While the K0 value determined using externally mounted LVDT appears satisfactory, the stress-strain behaviour (and hence stiffness) shows dramatic difference upon comparison with the response obtained from the internal SDG described in this paper. This can be seen clearly from Figure 12 and the closeup in Figure 13. The serious underestimation of the deformation modulus by the external LVDT is apparent; specifically, the values calculated for E are 29.3 MPa and 79.3 MPa for the external and SDG measurements, respectively. This result confirms that it is inevitable to use local deformation measurements for stiffness calculation.

6. Summary and Conclusions

This paper has presented a novel and versatile, local deformation device capable of resolving axial and radial strains down to 0.001% or better, a critical requirement for accurate determination of soil stiffness in triaxial tests. The device is called spring deformation gauge (SDG), which is based on securing a thin (e.g., 0.25 mm) metal strip from spring steel between two stiff, L-shaped legs made from stainless steel. The paper presented a closed form solution defining the influence of the geometry and Young’s modulus of these two components on the performance of the SDG. The critical parameters of maximum measurable range and resolution can be readily controlled by varying the geometry of the SDG using the provided formula. The SDG is suitable for both axial and radial strain measurement.

In addition to the accuracy of the SDG and its ability to resolve small strain values, it has two main advantages over many other transducers such as the LDT [8]: (1) the output of SDG is linear and (2) it can be connected to the specimen in a manner that it preserves the device once it goes out of range. The SDG can be used in water once the strain gauges glued to the spring steel strip are insulated by a proper nonconductive coating.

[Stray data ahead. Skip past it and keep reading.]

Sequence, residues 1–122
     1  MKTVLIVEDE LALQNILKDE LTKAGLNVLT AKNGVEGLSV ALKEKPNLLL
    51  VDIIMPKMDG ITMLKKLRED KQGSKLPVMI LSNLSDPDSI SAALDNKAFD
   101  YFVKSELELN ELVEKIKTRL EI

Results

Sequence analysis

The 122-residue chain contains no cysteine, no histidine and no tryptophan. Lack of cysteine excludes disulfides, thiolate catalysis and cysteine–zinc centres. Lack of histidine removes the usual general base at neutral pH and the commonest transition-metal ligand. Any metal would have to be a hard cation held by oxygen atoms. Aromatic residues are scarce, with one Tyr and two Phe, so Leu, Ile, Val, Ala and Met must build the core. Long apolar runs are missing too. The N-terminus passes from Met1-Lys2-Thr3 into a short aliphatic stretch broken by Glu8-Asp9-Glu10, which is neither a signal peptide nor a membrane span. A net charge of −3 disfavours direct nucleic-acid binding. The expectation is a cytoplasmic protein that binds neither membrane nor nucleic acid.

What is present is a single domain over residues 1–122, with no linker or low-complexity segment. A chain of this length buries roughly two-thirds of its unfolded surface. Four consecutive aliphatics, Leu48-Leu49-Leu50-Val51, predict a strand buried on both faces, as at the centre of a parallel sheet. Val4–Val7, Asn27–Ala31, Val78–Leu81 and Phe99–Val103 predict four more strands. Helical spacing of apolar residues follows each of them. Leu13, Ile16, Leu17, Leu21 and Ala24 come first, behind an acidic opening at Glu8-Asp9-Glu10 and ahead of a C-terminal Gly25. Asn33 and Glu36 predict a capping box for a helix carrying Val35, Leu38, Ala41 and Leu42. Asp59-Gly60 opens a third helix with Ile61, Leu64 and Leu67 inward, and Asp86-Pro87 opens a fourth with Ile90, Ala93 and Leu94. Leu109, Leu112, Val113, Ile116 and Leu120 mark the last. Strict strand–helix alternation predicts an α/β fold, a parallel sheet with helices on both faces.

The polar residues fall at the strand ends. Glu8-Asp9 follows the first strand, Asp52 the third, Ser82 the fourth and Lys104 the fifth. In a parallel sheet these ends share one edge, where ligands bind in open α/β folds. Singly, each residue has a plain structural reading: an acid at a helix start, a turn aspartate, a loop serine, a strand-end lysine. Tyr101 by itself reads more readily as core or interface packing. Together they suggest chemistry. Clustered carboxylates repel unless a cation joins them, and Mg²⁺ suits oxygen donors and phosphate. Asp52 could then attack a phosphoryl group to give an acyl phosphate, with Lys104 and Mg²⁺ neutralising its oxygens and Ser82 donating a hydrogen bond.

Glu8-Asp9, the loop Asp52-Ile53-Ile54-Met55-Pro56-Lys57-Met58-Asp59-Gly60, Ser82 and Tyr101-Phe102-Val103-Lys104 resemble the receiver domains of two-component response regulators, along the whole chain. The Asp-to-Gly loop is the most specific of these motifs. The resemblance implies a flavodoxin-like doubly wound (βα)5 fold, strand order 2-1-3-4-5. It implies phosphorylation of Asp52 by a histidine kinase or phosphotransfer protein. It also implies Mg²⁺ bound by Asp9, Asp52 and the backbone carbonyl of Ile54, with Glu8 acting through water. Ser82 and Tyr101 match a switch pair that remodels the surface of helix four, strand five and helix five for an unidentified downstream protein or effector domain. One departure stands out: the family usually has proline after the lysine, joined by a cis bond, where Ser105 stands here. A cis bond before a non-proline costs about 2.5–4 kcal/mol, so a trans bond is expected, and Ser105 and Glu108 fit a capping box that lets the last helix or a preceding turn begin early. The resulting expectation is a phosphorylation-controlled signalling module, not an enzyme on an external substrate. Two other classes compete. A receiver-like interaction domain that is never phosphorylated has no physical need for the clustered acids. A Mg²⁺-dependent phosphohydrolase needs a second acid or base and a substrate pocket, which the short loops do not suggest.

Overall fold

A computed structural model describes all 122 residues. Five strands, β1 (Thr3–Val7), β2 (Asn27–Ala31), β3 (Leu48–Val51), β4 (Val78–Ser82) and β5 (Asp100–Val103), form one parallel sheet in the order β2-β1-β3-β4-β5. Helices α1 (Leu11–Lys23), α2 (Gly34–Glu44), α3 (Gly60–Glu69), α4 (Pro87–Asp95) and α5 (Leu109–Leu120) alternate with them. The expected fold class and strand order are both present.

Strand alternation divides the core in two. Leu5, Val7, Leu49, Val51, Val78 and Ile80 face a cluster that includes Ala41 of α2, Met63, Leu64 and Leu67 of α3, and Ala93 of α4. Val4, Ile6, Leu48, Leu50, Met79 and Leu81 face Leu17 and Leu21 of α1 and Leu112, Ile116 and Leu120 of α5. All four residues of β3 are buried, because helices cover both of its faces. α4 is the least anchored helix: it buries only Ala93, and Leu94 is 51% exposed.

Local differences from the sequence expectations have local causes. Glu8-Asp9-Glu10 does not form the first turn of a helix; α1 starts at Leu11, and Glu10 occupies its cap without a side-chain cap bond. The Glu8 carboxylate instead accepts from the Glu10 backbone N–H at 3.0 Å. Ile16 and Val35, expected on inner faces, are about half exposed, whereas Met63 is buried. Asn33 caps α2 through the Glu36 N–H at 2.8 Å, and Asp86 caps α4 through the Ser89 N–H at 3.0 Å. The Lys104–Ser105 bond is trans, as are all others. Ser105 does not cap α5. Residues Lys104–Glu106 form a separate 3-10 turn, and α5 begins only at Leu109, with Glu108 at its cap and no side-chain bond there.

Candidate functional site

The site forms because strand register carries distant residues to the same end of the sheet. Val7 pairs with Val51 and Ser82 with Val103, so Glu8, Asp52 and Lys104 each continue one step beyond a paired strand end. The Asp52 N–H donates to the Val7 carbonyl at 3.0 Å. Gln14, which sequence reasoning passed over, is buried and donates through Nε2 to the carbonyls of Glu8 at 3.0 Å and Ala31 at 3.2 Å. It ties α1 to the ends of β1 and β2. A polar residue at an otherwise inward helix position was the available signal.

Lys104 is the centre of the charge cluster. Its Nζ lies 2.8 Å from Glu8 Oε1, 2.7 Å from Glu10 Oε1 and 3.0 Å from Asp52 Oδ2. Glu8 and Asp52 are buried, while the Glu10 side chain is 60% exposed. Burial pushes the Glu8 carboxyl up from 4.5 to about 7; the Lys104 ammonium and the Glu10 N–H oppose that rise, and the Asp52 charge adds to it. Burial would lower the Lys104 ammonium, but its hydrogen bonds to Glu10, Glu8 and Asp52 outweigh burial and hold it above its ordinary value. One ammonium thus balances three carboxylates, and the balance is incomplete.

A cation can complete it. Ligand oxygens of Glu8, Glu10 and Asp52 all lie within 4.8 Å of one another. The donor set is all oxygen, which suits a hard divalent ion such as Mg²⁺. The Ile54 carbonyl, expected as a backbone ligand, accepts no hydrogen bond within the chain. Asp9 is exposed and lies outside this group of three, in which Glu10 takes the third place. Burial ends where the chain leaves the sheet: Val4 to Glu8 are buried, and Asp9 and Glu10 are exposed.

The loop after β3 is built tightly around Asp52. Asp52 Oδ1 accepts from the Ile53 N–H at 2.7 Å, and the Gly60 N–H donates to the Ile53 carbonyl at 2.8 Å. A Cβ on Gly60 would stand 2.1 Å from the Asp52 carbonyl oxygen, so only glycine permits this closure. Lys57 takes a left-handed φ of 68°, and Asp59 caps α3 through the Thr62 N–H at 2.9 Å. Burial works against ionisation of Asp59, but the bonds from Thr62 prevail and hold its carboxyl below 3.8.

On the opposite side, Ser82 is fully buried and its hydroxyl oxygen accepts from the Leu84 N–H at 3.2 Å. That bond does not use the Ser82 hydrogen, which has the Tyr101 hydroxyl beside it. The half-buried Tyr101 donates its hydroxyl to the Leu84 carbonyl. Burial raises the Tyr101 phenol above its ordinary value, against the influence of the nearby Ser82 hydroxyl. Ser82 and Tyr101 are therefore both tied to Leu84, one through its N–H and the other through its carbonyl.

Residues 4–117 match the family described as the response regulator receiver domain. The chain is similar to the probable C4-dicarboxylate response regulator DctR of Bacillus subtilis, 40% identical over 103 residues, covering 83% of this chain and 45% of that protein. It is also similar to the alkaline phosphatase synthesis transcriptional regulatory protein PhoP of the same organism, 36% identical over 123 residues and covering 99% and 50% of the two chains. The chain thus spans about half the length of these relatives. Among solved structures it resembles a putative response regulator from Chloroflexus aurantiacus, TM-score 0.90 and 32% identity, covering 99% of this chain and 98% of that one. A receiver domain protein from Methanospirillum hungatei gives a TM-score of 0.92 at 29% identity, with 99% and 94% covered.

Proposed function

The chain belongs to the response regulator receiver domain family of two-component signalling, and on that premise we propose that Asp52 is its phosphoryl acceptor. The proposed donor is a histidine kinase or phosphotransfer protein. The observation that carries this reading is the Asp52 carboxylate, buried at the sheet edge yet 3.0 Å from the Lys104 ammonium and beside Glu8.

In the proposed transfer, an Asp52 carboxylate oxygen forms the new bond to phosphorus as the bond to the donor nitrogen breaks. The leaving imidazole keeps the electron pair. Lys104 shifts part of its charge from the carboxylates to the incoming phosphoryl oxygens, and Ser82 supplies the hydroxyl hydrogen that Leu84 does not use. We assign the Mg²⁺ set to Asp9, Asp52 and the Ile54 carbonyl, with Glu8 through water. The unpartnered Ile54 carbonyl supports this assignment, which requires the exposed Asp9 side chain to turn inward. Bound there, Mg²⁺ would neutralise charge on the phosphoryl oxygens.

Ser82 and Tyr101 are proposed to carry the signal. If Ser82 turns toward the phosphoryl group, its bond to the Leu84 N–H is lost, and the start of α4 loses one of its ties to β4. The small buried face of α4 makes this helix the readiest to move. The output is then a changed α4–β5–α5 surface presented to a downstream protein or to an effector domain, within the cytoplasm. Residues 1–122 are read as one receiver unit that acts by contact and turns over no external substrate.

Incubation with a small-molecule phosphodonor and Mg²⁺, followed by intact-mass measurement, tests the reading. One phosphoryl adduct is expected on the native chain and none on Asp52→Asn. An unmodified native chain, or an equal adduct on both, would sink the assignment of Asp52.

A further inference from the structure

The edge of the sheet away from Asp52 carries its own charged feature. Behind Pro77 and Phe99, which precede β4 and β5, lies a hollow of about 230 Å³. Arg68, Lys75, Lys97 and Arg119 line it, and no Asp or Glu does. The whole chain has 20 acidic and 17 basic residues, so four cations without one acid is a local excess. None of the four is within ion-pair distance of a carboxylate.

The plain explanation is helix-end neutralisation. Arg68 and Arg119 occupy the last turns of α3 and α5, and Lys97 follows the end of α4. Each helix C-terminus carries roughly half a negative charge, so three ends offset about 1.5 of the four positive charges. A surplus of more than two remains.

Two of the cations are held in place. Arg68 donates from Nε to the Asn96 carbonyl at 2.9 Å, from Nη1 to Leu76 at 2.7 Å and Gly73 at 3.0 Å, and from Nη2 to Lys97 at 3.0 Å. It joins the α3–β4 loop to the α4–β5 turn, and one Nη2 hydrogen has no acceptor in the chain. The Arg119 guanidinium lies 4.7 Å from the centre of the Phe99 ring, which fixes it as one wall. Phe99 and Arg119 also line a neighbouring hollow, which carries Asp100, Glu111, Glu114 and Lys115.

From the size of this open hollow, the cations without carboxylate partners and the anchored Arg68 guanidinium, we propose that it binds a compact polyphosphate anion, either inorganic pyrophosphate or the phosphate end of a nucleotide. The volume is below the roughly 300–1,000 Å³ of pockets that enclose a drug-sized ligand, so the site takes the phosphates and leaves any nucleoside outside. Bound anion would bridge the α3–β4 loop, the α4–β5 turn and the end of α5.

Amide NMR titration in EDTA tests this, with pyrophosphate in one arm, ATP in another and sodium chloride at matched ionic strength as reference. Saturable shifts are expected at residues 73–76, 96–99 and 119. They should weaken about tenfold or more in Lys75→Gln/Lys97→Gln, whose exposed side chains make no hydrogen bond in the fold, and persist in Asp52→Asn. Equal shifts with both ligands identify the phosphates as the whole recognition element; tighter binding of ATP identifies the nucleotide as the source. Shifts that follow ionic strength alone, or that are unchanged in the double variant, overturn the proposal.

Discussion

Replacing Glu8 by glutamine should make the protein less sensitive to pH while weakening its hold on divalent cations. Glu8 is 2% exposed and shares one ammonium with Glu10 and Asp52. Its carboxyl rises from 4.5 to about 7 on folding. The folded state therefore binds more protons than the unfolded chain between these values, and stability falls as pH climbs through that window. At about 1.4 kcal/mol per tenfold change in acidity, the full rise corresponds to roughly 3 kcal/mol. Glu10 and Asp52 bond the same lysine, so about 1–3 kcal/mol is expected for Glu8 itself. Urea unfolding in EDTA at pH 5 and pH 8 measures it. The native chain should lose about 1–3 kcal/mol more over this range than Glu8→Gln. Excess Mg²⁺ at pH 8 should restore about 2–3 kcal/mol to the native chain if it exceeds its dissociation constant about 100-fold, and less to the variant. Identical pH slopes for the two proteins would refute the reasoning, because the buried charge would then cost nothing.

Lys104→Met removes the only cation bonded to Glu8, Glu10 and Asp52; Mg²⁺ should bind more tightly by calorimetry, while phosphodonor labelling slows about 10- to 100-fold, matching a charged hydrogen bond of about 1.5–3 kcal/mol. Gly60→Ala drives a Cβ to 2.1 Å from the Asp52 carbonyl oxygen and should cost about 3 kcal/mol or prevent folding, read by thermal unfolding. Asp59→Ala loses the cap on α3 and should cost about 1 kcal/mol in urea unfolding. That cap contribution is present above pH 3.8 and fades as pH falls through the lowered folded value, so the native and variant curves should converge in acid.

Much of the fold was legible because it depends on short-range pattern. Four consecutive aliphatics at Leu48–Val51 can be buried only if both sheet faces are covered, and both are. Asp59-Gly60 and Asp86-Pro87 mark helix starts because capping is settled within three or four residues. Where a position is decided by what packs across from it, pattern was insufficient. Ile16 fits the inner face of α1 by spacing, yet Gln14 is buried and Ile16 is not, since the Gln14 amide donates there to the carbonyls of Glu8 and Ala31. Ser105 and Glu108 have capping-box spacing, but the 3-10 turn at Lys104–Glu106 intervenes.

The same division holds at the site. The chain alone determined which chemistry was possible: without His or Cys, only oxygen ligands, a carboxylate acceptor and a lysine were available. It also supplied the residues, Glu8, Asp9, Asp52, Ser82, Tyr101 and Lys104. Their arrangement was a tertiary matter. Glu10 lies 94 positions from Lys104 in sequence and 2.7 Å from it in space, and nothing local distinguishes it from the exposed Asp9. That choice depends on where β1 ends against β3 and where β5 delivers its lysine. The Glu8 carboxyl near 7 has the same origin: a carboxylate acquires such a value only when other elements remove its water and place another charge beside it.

Performance of the SDGs was successfully investigated by performing a true K0 test, followed by undrained shearing. The necessity of using internal strain measurement was manifested in this test through the deformation modulus, which was grossly underestimated using external LVDT compared with SDG.


Proof of Equation (1)

In the following, the relationship between elongation of the spring strip of the deformation gauge and specimen axial deformation is deduced using the method of slope deflection. Two main assumptions are made in this regard: (1) deformations within the gauge are within the elastic range of all components and (2) curvature of the stiff legs of the gauge is negligible, compared with that of the spring. The following notations are used in the derivation below in association with Figure 2:(EI)l = product of Young’s Modulus and section inertia of the gauge leg(EI)s = product of Young’s Modulus and section inertia of the gauge spring

Let ΔLspecimen be the axial deformation of the triaxial specimen, which will lead to inward movement of points a and f of the gauge (δ1 and δ2 in Figure 2(a), respectively), such that

The two parameters that control the bending moment within the spring are δ2 and θ. Applying the slope deflection equation at point c leads to

Substituting equations (A.1) to (A.3) into equation (A.4) and rearranging lead to the following expression for the angle θ:

The elongation of the spring can be calculated using Figure 2(b) as follows:

Substituting equations (A.5) into (A.7) yields the following relationship between elongation of the spring and specimen axial deformation:

Data Availability

The data used to support the findings of this study are included within the article.

Conflicts of Interest

The authors declare that they have no conflicts of interest.


The authors thank Prof. Boris Tarasov from the Centre for Offshore Foundation System at the University of Western Australia, who assisted with development of the gauge. The authors also thank Prince Sultan University for supporting the publication of this article.